The amygdala and persistent pain
Drevets WC
Neugebauer V, Li W, Bird GC, Han JS.
Department of Anatomy & Neurosciences,
University of Texas Medical Branch,
Galveston, 77555-1069, USA.
Neuroscientist. 2004 Jun;10(3):221-34.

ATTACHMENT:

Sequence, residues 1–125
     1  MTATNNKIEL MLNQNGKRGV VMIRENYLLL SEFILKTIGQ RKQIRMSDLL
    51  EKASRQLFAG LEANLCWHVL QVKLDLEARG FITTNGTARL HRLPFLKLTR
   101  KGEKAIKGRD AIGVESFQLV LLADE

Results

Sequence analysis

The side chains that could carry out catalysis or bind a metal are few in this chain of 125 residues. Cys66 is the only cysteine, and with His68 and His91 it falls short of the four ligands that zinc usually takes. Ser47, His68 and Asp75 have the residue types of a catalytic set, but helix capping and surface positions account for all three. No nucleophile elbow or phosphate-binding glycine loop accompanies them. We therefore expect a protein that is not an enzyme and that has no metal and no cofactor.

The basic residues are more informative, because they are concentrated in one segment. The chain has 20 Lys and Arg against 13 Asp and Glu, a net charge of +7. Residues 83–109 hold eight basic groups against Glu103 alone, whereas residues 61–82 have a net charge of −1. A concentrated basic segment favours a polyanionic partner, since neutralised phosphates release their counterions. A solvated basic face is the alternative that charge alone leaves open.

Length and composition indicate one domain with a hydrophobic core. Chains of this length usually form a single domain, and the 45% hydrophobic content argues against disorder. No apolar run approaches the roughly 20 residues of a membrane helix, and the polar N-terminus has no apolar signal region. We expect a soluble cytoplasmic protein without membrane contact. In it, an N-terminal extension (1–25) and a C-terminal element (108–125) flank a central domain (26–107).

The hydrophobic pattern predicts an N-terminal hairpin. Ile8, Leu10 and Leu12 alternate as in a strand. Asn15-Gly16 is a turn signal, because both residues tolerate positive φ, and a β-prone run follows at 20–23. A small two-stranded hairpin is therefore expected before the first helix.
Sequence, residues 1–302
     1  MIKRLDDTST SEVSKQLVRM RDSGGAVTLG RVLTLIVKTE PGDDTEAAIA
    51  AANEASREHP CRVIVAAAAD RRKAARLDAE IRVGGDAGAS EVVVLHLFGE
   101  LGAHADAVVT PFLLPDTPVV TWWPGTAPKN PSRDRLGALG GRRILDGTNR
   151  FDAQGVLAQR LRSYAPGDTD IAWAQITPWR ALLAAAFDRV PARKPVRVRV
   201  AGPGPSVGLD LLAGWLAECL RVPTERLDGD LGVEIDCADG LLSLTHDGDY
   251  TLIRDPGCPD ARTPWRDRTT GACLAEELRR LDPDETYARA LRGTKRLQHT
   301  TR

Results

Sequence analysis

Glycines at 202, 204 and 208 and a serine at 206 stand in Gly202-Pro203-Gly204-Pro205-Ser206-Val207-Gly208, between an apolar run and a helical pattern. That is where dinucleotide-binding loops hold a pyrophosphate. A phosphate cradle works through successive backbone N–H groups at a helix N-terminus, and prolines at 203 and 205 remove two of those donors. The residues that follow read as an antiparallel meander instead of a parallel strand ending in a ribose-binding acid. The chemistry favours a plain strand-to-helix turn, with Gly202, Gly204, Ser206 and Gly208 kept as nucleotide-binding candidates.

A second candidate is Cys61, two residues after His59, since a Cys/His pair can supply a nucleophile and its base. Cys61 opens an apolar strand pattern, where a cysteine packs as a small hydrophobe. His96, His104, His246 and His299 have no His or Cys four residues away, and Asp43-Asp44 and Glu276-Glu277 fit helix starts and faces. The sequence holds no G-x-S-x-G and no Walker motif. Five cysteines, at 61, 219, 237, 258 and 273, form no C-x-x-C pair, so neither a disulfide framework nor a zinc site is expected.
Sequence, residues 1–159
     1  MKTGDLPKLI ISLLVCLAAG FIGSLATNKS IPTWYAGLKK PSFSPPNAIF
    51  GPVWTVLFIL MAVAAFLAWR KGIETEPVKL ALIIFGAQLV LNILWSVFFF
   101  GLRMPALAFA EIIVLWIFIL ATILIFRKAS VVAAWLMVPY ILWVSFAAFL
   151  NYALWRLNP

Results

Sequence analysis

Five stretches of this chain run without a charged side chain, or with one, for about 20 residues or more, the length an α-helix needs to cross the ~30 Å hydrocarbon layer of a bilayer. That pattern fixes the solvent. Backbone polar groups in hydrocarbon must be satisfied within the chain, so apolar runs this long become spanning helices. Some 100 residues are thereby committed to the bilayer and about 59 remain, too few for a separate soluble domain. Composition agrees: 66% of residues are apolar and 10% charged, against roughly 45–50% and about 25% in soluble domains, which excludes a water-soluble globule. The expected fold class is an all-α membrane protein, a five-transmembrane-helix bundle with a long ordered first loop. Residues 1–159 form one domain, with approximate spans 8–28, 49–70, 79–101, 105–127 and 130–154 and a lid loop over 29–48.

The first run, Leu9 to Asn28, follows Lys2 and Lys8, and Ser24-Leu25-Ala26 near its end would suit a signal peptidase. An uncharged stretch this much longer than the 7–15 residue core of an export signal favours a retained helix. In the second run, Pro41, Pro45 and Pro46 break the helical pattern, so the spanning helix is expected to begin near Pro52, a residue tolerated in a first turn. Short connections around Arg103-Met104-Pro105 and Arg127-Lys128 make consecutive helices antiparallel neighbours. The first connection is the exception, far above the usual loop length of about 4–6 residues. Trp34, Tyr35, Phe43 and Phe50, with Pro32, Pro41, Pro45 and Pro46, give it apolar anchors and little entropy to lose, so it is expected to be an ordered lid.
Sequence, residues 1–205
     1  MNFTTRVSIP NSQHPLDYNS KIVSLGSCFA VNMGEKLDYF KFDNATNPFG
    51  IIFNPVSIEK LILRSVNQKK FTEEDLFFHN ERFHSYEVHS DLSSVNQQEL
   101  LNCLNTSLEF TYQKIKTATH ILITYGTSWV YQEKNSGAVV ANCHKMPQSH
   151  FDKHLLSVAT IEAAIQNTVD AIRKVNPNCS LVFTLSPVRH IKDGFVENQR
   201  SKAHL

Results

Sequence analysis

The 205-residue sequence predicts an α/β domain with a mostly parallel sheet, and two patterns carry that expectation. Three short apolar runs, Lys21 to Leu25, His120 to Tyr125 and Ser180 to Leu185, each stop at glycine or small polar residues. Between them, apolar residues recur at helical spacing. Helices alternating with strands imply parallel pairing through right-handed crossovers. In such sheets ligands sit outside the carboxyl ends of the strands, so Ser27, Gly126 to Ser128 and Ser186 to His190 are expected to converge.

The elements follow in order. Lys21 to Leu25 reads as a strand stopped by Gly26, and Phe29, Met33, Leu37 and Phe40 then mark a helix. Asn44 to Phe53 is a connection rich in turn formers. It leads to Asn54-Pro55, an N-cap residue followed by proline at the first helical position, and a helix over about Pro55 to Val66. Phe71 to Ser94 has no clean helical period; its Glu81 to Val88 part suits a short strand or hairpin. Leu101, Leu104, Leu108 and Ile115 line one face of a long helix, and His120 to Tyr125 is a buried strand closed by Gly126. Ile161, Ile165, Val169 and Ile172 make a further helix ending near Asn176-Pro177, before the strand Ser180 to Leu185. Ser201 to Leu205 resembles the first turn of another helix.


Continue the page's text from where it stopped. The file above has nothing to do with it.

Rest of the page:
A reciprocal relationship exists between persistent pain and negative affective states such as fear, anxiety, and depression. Accumulating evidence points to the amygdala as an important site of such interaction. Whereas a key role of the amygdala in the neuronal mechanisms of emotionality and affective disorders has been well established, the concept of the amygdala as an important contributor to pain and its emotional component is still emerging. This article will review and discuss evidence from anatomical, neuroimaging, behavioral, electrophysiological, pharmacological, and biochemical data that implicate the amygdala in pain modulation and emotional responses to pain. The latero-capsular division of the central nucleus of the amygdala is now defined as the "nociceptive amygdala" and integrates nociceptive information with poly-modal information about the internal and external bodily environment. Dependent on environmental conditions and affective states, the amygdala appears to play a dual facilitatory and inhibitory role in the modulation of pain behavior and nociceptive processing at different levels of the pain neuraxis. Only recently, electrophysiological, pharmacological, and biochemical neuroplastic changes were shown in the nociceptive amygdala in persistent pain. It is conceivable, however, that amygdala plasticity plays an important role in emotional pain behavior and its modulation by affective state.
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